In the past I've complimented Andre for his choice of relatively short routes that make it possible to learn the route and operate a train completely in a reasonable amount of time -- my attention span isn't good for an actvity that could take 8 or 9 hours to complete. As model railroaders, we had to deal with compressing the prototype into the space we had available. Some folks chafe at the thought that an end to end run might take only a few minutes and set out to build double-decker or triple-decker layouts. I think running on a long TrainSim route a few times might enlighten them of the true virtues of relative compression. The same holds true with the "compression" on Andre's routes. Most of us don't have the hours to devote to imitating what professionals spend long work days doing. A short route gives us the chance to deal with switching, grades, etc. within a time frame that we can handle.
I remain an active modeler and busy at work on my layout, the South Ozark Lines. Long ago I realized that what I really enjoy is the process of planning and building rather than the final product. In virtual modeling, my interests have likewise been active, focusing on learning the physics of steam locomotives, braking and coupling systems, sound,etc. have purposively avoided attempting to build a route. What I am doing now takes enough time that I seldom just sit down and run a train anymore. But I am still quite satisfied.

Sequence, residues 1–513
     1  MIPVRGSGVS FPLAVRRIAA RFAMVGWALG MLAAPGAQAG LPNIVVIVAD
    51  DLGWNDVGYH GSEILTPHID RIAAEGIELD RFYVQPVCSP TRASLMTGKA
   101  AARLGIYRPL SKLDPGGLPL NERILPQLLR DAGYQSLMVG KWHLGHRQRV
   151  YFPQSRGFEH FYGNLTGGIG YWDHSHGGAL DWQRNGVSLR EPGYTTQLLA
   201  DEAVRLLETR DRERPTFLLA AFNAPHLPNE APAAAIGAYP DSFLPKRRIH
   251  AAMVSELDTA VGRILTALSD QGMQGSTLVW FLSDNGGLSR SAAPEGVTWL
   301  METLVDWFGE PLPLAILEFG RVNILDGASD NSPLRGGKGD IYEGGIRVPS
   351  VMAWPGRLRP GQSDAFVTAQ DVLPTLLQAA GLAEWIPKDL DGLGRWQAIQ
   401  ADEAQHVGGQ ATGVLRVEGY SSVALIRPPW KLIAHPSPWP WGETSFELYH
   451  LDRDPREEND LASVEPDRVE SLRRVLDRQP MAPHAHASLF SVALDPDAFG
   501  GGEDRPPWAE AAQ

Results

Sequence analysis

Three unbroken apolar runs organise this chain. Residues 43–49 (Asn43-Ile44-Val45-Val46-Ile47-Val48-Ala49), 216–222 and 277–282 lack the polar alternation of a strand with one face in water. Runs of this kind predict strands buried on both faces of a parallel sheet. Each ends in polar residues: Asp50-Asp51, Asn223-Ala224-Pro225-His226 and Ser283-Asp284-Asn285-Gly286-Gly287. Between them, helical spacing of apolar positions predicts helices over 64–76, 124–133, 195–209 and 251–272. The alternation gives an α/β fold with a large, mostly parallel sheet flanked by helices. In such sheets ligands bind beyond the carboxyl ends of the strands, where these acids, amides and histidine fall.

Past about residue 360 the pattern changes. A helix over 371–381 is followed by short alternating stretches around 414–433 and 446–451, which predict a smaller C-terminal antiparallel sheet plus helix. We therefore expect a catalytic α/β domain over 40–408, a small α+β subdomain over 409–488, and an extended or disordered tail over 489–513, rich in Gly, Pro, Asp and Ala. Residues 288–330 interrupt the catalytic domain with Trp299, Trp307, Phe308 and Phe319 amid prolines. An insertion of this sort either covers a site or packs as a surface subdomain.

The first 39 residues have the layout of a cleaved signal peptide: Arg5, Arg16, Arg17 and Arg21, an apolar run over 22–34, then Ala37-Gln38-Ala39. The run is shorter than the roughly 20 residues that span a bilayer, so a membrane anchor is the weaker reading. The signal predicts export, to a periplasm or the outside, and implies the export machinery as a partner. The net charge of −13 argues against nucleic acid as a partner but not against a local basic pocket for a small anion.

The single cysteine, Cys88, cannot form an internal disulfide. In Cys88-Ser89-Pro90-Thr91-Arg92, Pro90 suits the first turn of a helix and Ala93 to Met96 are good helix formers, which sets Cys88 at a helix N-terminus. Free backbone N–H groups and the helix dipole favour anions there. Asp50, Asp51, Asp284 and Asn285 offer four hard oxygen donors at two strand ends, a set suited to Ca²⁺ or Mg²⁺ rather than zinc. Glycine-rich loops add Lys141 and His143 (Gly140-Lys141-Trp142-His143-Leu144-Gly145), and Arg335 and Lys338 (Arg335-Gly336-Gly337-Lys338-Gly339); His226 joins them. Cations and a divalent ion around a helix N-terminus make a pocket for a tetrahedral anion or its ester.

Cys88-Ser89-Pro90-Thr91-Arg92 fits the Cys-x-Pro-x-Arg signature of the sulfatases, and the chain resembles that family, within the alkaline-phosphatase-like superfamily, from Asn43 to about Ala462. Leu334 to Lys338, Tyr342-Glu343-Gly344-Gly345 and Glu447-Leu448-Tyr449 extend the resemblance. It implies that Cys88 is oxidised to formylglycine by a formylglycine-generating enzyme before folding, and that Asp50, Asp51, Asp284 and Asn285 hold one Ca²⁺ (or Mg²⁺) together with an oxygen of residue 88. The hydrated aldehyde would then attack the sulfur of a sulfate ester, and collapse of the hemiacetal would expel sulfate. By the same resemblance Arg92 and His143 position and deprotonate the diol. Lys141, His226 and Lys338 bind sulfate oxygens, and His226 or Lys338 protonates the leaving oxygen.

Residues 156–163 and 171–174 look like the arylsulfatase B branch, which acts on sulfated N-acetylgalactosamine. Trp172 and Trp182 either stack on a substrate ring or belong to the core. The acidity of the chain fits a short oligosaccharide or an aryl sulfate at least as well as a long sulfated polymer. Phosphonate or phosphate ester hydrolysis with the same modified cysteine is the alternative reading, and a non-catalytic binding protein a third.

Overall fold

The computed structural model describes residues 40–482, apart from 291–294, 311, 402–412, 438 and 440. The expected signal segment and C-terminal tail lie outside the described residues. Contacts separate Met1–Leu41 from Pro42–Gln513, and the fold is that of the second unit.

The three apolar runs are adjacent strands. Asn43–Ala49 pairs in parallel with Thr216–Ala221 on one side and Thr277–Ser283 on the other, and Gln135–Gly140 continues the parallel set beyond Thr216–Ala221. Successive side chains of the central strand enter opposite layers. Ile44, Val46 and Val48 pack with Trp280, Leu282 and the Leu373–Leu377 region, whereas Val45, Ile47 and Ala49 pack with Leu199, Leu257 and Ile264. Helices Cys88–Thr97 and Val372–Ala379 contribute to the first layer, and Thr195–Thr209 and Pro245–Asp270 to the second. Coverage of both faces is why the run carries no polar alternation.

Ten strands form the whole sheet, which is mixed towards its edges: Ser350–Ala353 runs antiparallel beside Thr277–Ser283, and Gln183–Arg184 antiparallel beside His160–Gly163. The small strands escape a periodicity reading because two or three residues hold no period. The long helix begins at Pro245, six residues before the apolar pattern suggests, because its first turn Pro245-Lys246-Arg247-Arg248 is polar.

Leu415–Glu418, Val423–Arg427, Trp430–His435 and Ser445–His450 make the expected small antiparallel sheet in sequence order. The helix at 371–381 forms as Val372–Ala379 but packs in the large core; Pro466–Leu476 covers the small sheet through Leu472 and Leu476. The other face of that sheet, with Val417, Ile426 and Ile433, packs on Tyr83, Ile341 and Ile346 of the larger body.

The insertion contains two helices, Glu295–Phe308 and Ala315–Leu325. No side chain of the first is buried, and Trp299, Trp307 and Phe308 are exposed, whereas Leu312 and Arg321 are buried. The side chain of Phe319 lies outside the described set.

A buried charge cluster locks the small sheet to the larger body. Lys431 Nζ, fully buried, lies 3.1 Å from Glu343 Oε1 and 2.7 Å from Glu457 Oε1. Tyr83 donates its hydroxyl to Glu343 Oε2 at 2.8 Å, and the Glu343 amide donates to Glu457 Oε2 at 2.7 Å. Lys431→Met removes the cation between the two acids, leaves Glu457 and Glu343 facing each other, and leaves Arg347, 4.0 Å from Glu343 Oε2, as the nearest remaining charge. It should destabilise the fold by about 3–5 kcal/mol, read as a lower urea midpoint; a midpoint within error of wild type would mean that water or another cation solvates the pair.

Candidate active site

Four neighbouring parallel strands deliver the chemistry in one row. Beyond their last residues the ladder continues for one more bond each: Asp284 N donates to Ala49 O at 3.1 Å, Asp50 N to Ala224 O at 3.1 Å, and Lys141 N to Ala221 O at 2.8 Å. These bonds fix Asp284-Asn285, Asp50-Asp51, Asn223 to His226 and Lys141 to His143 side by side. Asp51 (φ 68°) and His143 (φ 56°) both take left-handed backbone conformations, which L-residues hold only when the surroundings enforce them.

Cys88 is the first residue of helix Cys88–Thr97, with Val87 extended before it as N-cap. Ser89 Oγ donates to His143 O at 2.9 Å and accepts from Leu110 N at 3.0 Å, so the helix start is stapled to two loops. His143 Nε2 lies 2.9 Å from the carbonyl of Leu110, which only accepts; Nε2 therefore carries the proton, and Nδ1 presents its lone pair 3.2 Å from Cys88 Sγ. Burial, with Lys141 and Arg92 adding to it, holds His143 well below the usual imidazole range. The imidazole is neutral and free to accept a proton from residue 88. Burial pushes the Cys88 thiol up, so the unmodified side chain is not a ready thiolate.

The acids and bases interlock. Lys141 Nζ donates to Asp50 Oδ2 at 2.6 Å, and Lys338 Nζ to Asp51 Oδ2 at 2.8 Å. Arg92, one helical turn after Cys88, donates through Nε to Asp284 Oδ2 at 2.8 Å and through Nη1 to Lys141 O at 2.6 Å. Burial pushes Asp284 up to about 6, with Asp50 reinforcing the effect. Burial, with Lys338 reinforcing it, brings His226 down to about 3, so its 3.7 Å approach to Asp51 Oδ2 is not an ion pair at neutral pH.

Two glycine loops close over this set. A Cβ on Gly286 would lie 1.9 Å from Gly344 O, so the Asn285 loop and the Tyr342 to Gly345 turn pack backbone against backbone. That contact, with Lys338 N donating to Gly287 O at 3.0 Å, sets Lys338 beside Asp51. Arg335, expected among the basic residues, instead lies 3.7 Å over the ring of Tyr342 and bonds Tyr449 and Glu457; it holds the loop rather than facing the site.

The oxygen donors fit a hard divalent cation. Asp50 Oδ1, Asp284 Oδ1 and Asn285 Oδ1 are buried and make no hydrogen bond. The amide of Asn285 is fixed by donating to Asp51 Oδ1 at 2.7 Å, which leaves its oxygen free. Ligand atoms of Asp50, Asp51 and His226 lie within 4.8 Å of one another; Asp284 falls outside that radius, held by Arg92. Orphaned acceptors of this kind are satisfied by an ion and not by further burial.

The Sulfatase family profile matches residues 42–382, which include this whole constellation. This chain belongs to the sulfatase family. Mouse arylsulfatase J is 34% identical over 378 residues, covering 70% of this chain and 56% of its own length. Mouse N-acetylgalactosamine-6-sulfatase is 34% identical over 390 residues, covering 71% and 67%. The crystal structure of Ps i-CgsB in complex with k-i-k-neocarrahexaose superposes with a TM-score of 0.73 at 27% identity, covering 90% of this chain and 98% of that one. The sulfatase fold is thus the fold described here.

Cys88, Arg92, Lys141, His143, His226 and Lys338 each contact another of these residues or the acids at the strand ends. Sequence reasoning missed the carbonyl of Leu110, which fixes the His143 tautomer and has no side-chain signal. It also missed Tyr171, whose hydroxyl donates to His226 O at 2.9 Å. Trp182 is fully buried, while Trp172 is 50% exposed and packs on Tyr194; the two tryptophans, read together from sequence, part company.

If we move to a smaller residence when we retire, I will give up the model layout and focus on building structures for folks, TrainSim projects, and volunteer work at sites like the C&TS, EBT, etc.

Bill Hobbs


#43 pnrailway

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Posted 23 December 2006 - 02:17 PM

Wayne,

I have followed the micro-route contex for years, using it to test different aspects of a proposed layout before building it. Usually build a 2 foot x 8 foot piece or section and used it after making changes while the rest of the layout was under construction. Lately I have been looking at some of the work of Ian Rice and thinking about incorporating it into a Trainz route to use as my model railroad. Something like this:
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It can't beat MSTS as far as I am concerned for real railroading and operation but I like his work and Trainz is good for model railroading.

Paul

#44 wacampbell

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Posted 24 December 2006 - 07:58 AM

I have one of Ian Rice's layout books and really appreciate his approach to the hobby. Building a 'hands-on' layout isn't in the cards for me ( so long as my will power holds out! ). But so much of the 'keep it simple, keep it small - but do it well' philosophy applies to the virtual hobby as well.



#45 august1929

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Posted 24 December 2006 - 11:39 AM

Ian Rice certainly has made it across the pond and seems to be designing some pretty keen North American layouts now- I hankered after a couple of his London East End layout designs for years - about 15 to 20 years ago! (in semi diorama form), and his books were compulsive reading at a time (pre children) when I was still planning on having a layout in the loft. My design, on tracing paper, is in front of me as I type - would make a neat mini layout.....

Rod